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Page last updated at 07:03 GMT, Friday, 2 December 2011
Today: Friday 2nd December

Would an idea to negotiate public sector pay locally lead to workers in the north being paid less than those in the south? The watchdog which inspects care homes and hospitals in England has been accused of a catalogue of failures. Also on today's programme we celebrate the enduring appeal of the rock band T-shirt.

Business news with Simon Jack on news that the European Central Bank is prepared to play a bigger role in solving the eurozone crisis.

Mammal experts from across Europe are visiting Britain this weekend to discuss the situation facing a group of mammals called mustelids, which in the UK includes otters, badgers, polecats, pine martens, stoats and weasels. Marina Pacheco, chief executive of the Mammal Society explains their concerns.

People living in Scotland and London are less likely to support cuts to immigration than elsewhere in Britain, according to a survey by Oxford University's Migration Observatory. Dr. Scott Blinder explains their findings.

The National Audit Office has found that the Care Quality Commission completed fewer than half of its planned inspections during a six-month period last year. Laura Brackwell of the National Audit Office wrote the report and explains their findings. Conservative MP Stephen Dorrell, chair of the Commons health select committee, explains his concerns.

Business news with Simon Jack.

The Science Museum is showcasing the latest in robot design, including robots that learn by talking to humans. Katrina Nilsson of the Science Museum tells reporter Tim Muffett why some people might find human-like robots "creepy".

Sport news with Garry Richardson.

The Financial Policy Committee, which is tasked with regulating the City, has said that banks should keep lending, but if they needed more cash to build up their reserves they should cut dividends and bonuses. Angela Knight, of the British Bankers Association, gives her response and former City minister Lord Myners talks about how realistic it is to expect banks to fall into line.

The paper review.

The unusual winner of the 2011 Guardian First Book Award was a non-fiction book about cancer, written by an oncologist. Siddhartha Mukherjee talks about his winning book The Emperor of all Maladies.

Thought for The Day with Lord Harries.

The High Court is to decide whether a town council in Devon should be allowed to say prayers before meetings, after a complaint from an atheist member of Bideford Town Council, who claimed that saying prayers was a breach of human rights legislation. The National Secular Society's Keith Porteous Wood and Mike Judge from the Christian Institute discuss the implications of the case.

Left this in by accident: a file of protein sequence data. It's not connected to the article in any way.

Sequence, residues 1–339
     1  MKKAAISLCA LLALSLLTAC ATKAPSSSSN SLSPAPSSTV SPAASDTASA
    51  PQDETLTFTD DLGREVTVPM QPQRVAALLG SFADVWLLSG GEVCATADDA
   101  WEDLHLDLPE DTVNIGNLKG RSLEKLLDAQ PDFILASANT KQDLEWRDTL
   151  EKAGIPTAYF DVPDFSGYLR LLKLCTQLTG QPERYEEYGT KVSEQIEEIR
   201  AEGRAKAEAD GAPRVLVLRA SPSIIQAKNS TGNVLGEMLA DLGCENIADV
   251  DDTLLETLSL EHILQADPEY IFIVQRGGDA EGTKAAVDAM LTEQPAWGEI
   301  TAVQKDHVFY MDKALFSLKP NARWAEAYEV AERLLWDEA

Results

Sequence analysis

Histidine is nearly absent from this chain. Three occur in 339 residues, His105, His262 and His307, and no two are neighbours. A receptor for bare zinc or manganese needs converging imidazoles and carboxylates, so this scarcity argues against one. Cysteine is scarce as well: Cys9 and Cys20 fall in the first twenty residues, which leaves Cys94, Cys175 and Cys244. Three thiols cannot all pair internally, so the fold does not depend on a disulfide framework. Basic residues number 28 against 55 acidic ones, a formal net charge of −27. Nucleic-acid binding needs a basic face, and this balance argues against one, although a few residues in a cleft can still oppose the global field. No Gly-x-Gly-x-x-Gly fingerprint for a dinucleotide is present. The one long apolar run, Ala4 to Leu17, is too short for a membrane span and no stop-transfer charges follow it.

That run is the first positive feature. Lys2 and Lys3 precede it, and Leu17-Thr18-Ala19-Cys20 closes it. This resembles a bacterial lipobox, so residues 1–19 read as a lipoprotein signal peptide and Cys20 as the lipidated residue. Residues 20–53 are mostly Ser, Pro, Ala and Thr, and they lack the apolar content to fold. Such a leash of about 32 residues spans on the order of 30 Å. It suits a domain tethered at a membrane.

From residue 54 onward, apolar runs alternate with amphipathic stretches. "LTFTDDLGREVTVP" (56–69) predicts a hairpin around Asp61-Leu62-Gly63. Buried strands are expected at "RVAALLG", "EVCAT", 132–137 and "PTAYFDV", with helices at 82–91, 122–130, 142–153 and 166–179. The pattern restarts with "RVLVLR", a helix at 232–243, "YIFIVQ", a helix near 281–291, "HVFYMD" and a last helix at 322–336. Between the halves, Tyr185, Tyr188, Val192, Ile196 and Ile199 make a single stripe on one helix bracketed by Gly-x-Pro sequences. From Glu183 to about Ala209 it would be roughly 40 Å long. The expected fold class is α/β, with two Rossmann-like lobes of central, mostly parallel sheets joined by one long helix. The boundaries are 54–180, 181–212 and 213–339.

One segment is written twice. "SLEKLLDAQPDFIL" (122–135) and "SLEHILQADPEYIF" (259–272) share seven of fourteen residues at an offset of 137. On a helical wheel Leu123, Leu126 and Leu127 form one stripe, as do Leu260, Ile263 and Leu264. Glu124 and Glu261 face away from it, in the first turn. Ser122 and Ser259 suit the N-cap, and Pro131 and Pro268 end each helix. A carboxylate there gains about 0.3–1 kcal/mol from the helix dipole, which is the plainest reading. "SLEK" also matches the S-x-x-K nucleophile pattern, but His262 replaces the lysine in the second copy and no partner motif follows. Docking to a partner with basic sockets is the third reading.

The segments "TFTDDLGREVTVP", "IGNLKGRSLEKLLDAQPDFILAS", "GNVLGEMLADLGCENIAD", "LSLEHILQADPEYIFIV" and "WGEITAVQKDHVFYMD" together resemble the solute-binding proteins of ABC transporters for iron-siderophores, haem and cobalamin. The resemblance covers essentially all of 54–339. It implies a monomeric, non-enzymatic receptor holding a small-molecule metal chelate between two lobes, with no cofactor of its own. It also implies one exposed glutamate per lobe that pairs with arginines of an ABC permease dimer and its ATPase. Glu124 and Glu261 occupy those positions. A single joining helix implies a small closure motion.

In his Autumn Statement, the chancellor asked pay review bodies to "consider how public sector pay can be made more responsive to local labour markets", which could mean scrapping national pay rates for public sector workers and negotiating them locally. Unions fear that would lead to public sector workers in the north being paid less than their equivalents in the south. Northern TUC regional secretary Kevin Rowan and James Ramsbotham, chief executive of the North-east Chambers of Commerce, discuss whether the idea is workable.

An auction in Hollywood of singer and actress Debbie Reynolds' film costumes earlier this year raised £13m and now she is about to auction off her collection of hundreds of the most recognisable movie costumes and artefacts. The BBC's Peter Bowes went to meet her to reminisce.

Sport news with Garry Richardson.

German Chancellor Angela Merkel says Europe is working towards setting up a "fiscal union", in an effort to resolve the eurozone's debt crisis. Read the news story

Spending watchdog The National Audit Office has criticised the Care Quality Commission (CQC), which is responsible for inspecting hospitals and care homes in England, after finding that it failed to carry out half of its planned inspections in a six month period last year. Chief Executive of the CQC Cynthia Bower gives her response.

Business news with Simon Jack.

The birth last July of South Sudan, the world's newest nation, was marked with wild celebration following two decades of civil war. Since then there has been renewed fighting around the province of South Kordofan. The head of the Episcopal Church in Sudan, Archbishop Daniel Deng, described the current situation to the Today programme's Mike Thomson.

US Attorney General Eric Holder has been under pressure from Republicans over his handling of Operation Fast and Furious, a scheme in which US agents allowed illegal guns into Mexico with the aim of tracing them to major drugs and arms dealers. Malcolm Beith, an expert on the Mexican drugs wars and author of the The Last Narco, describes the operation.

Liver specialists in the north east of England say they are fighting an alcohol related liver disease epidemic, with the latest figures suggesting there has been a 400% increase in the number of people in their early 30s admitted to hospital since 2002 compared to the national average of 61%. Colin Shevills, director of drink awareness group Balance, carried out the research and explains what they found.

BBC 6 Music are inviting their listeners to wear their old rock band T-shirts to work. Jude Rogers, Guardian music writer and creator of the mybandtshirt blog, talks about the enduring popularity of wearing your musicians on your sleeve.



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